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The Baldwin Library
Sing a Song o' Sixpence.
The Robin's Christmas Eve.
Robin Hood & his Merry Men.
The Sea Side.
TWENTY-FOUR PAGES OF ILLUSTRATIONS,
PrintR in Oil nolrs bh trnlyeim as aliydcs.
FREDERICK WARNE AND CO.
BEDFORD STREET, COVENT GARDEN
NEW YORK: SCRIBNER, WELFORD, AND CO.
LONDON, New Year.
AUNT LOUISA'S KEEPSAKE is intended for all Seasons. For
Winter, it offers you the story of how dear Robin Redbreast
spent his Christmas Eve. For Spring, the Four-and-Twenty
Blackbirds once more Sing out of their Pie. For Summer, the
Story of Sherwood Forest, of Robin Hood and his Merry Men.
And for Autumn, pictures of the happy holiday you all enjoy so
much by the sea-side. It is hoped that all four Seasons may
prove equally attractive.
Bedford Street, Covent Garden.
SING A SONG 0' SIXPENCE.
S ING a song
full of rye;
-~. 1()~ >*-
To set before
the King ?
I i1~*ti1ii1I IiI~I
in his cotnting-
. . . . . . . . . .
was in the parlour,
HE maid was in the garden,
Hanging out the clothes;
T HEY sent for the King's doctor,
who sewed it on again,
He sewed it on so neatly, the seam
was never seen;
And the jackdaw for his naughtiness
deservedly was slain.
II. -- .~yf N^-^
THE ROBIN'S CHRISTMAS EVE.
THE ROBIN'S CHRISTMAS EVE.
BY C. E. B.
'T WAS Christmas-time: a dreary night:
The snow fell thick and fast,
And o'er the country swept the wind,
A keen and wintry blast.
The little ones were all in bed,
Crouching beneath the clothes,
Half-trembling at the angry wind,
Which wildly fell and rose.
Old Jem the Sexton rubbed his leg,
For he had got the gout;
He said he thought it wondrous hard
That he must sally out.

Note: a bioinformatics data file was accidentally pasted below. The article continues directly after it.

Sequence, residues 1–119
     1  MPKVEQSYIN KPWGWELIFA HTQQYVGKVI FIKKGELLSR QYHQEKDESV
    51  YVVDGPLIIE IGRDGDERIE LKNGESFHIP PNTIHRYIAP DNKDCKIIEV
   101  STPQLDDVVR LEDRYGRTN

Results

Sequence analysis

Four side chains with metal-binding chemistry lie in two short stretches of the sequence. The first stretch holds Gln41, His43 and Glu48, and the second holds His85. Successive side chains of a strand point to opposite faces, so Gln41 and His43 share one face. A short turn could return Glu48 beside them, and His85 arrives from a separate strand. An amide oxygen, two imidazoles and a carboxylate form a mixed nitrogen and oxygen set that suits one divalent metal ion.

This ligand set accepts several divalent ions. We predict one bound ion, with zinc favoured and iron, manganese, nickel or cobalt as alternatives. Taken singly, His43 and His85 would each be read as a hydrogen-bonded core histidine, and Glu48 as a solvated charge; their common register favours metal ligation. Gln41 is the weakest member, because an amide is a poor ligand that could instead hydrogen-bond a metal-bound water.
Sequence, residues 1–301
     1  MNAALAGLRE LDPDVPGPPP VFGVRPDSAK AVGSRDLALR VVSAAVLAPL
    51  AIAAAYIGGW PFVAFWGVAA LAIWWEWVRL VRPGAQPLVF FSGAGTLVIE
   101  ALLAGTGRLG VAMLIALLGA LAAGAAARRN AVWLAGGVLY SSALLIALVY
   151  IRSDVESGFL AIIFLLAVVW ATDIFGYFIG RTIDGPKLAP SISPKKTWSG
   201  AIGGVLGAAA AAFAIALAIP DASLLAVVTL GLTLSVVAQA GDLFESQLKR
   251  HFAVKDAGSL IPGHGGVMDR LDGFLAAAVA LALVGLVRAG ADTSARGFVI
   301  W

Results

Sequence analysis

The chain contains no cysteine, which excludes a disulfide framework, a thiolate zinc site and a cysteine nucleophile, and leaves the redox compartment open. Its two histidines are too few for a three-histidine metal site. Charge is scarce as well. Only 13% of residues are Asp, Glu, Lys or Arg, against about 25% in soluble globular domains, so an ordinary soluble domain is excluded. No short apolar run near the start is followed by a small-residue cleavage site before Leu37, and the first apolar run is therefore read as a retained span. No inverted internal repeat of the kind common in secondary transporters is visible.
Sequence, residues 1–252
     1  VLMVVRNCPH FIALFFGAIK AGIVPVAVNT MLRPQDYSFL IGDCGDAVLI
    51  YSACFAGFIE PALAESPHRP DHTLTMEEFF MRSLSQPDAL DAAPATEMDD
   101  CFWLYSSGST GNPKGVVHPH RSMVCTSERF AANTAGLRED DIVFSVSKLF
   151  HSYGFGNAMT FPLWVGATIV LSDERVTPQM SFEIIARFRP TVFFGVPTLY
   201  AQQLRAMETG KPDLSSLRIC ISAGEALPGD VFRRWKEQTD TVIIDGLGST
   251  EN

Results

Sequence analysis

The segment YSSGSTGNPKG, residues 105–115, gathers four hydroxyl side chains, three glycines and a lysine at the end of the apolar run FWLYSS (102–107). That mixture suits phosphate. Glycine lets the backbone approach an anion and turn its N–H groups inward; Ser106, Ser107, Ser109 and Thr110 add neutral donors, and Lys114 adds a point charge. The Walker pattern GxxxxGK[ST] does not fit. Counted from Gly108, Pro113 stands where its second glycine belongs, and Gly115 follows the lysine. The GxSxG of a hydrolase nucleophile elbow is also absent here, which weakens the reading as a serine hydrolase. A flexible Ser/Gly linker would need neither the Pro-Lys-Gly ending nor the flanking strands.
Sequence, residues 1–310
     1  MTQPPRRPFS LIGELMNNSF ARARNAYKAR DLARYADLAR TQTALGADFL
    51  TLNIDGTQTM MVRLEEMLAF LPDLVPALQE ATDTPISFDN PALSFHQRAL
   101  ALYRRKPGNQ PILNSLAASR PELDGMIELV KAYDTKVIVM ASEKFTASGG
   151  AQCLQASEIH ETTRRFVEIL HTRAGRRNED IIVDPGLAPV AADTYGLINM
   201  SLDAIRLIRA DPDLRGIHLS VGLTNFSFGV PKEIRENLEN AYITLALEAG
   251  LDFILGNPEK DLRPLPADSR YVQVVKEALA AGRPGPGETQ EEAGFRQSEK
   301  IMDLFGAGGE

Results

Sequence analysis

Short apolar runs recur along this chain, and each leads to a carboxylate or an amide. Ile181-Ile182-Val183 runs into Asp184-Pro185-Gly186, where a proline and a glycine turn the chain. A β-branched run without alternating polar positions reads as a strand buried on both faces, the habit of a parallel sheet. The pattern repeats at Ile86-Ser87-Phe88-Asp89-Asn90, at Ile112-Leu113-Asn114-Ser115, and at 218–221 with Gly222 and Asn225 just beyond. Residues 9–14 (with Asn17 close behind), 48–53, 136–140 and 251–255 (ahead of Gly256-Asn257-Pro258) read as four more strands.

Not far from Jem's, another house,
Of different size and form,
Rose high its head, defying well
The fierce and pelting storm.
It was the Squire's lordly home.
A rare old Squire he,
As brave and true an Englishman
As any one could see.
The Squire's lady and himself
Sat cozily together,.
When suddenly he roused himself,
To see the kind of weather.
Lifting the shutters' ponderous bar,
He threw them open wide,
And very dark, and cold, and drear,
He thought it looked outside.
Ah, Squire! little do you think
A trembling beggar's near,
Although his form you do not see,
His voice you do not hear.
Yes, there he stands,-so very close,
He taps the window-pane;
And when he sees you turn away,
He feebly taps again.
But all in vain; the heavy bar
Was fastened as before;
The Squire's burly form retraced
His highly polished floor.
Now, is there any one who thinks
It cannot be worth while
To write about a Robin's fate,
And treat it with a smile ?
If so, I bid them to their mind
Those words of Scripture call,
Which say that not without God's will
E'en little birds can fall.
Our Robin's history simple was,
There is not much to tell,-
A little happy singing bird,
Born in a neighboring dell.
And through the summer, in the wood,
Life went on merrily;
Biht winter came, and then he found
More full of care was he.
For food grew scarce; so having spied
Some holly-berries red
Within the Rectory garden grounds,
Thither our hero fled.
One evening everything was dull,
The clouds looked very black,
The wind ran howling through the sky,
And then came grumbling back.
The Robin early went to bed,
Puffed out just like a ball;
He slept all night on one small leg,
Yet managed not to fall.
When morning came he left the tree,
But stared in great surprise
Upon the strange unusual scene
That lay before his eyes.
It seemed as if a great white sheet.
Were flung all o'er the lawn;
The flower-beds, the paths, the trees,
And all the shrubs were gone!
His little feet grew sadly cold,